Constipation, headache, bad breath, weakness, nausea and vomiting, headaches—these are some of the surprising side effects of the ketogenic diet, commonly known as ‘keto’.
In this blog, we’ve compiled some of the potentially uncomfortable—or even potentially dangerous—side effects of the keto diet as you decide whether you want to try it.
Common Short-Term Side Effects of the Keto Diet
When starting a keto diet, the body has to use its own fat stores from sugar as its fuel source and may experience some of the following side effects:
- the stench
- The keto-flu
- wearing hair
- Leg barrier
Keto breath is a commonly reported unpleasant side effect for most people following a ketogenic diet. Some describe keto breath as a lingering metallic taste in their mouth. Other adherents of high-fat, low-carbohydrate diets say they get a whiff of something different and a smell like sweet, fruity or nail polish remover. It is caused by acetone, a ketone that is a byproduct of fat metabolism and is released from the body through exhalation. However, the good news is that the keto diet only lasts for a short time. Because the body undergoes significant changes, it is initially more obvious.
Another side effect of eating a high-fat, low-carb diet is the keto flu, a condition that is usually temporary and lasts about a week as your body adjusts to the lack of carbohydrates. Groups of symptoms that mimic the flu may include:
· Extreme fatigue
· Nausea Vomiting
· Diarrhea and constipation
· Fever and chills
· Confusion, trouble concentrating and irritability
· Abdominal pain
· Sugar cravings
· Foggy headache.
One study found that some keto dieters experience thinning hair, possibly for a few possible reasons. First, restricting calories and carbohydrates can limit your intake of various vitamins and minerals your body needs for hair health. Second, there is a dramatic decline in vitamins and minerals (especially zinc and biotin), both of which are associated with hair thinning and loss. Fortunately, this is usually a temporary side effect and often due to a nutritional deficiency.
Some people may experience leg pain due to dietary changes as a possible side effect of the ketogenic diet. Although these cramps are usually harmless in nature, they can still be annoying. One of the causes of leg cramps on the ketogenic diet is not drinking enough fluids and electrolyte imbalances. This can be alleviated by keeping yourself hydrated, increasing fluids and electrolytes in your diet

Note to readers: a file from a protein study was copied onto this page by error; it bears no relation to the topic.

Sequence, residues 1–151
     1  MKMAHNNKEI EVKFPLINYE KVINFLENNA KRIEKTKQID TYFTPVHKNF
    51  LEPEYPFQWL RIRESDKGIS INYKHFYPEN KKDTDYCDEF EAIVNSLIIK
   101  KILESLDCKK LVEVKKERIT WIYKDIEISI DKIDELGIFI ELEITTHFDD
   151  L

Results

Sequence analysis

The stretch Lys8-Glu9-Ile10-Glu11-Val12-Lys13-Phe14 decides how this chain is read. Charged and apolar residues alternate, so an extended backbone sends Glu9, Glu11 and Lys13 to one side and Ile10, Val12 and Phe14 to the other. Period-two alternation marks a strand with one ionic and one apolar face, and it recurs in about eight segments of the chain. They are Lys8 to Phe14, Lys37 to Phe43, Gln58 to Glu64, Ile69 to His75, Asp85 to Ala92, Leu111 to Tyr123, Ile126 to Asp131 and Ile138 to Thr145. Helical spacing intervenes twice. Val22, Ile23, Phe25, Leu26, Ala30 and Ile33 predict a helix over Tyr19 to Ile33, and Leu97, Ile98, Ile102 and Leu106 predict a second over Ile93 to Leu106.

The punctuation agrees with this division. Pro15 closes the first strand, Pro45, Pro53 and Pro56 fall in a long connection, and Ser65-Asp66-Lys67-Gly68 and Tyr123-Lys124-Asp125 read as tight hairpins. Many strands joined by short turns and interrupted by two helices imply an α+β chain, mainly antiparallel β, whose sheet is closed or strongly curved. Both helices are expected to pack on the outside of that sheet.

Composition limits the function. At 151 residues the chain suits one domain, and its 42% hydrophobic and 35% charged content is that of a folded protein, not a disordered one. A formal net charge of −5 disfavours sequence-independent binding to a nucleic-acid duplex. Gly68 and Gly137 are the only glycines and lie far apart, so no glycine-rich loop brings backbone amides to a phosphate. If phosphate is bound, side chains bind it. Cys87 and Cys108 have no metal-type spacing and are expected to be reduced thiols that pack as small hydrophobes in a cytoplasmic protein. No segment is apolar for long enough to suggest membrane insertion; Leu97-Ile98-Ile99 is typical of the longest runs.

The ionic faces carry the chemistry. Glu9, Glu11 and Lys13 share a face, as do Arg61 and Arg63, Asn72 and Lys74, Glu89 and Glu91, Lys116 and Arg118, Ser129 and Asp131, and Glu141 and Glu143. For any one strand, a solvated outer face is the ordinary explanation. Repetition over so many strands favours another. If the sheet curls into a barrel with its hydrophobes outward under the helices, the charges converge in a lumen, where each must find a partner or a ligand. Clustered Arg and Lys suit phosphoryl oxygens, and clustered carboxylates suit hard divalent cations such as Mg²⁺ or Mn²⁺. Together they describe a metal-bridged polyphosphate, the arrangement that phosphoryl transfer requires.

One of the biggest health concerns of ketogenic dieters is constipation. The diet lacks carbohydrate-rich whole grains, legumes, fruits, and starchy vegetables like sweet potatoes, which are important for regulating bowel movements. The result? Saying goodbye to high-fiber foods can lead to changes in bowel habits, such as constipation. This can be alleviated by increasing consumption of non-starchy, fibrous vegetables, legumes, nuts, and seeds, as these are all good low-carb sources of fiber.
Other Less Common Side Effects of the Keto Diet
1. High heart rate: This is also called heart palpitations and can occur during the first few weeks of the ketogenic diet.
2. Elevated Cholesterol Levels: Another consequence of the keto-diet is that some people have elevated total cholesterol levels and LDL (bad) cholesterol.
3. Ketoacidosis: People with diabetes need to be very aware of their blood sugar and check their glucose levels several times a day to avoid ketoacidosis, a serious condition that occurs in diabetes when it is not managed properly. This condition has been reported in lactating women, possibly triggered by a very low carbohydrate diet. Although this complication is quite rare.
4. Kidney Stones: Studies suggest that although uncommon, some children with epilepsy may develop kidney stones on a ketogenic diet. So experts recommend regular kidney-function monitoring while following the diet.
5. Fatty Liver: Health experts fear that this can happen if you follow the diet for a long time.
Following the keto diet can be challenging for some people. In particular, the first few weeks of transitioning to an eating plan can cause some temporary side effects, and it’s important to be a little more prepared for what’s to come. Not all patients are suitable candidates for the keto diet and it is recommended that you speak with a doctor before incorporating any dietary restrictions.
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